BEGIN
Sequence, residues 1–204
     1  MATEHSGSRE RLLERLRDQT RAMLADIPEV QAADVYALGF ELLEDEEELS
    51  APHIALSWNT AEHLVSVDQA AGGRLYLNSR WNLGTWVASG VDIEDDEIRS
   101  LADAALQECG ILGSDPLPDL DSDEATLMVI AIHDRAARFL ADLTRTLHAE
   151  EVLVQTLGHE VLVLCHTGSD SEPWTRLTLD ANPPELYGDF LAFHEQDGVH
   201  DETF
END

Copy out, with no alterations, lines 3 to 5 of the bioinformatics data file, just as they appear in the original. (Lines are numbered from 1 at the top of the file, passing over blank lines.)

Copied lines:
    51  APHIALSWNT AEHLVSVDQA AGGRLYLNSR WNLGTWVASG VDIEDDEIRS
   101  LADAALQECG ILGSDPLPDL DSDEATLMVI AIHDRAARFL ADLTRTLHAE
   151  EVLVQTLGHE VLVLCHTGSD SEPWTRLTLD ANPPELYGDF LAFHEQDGVH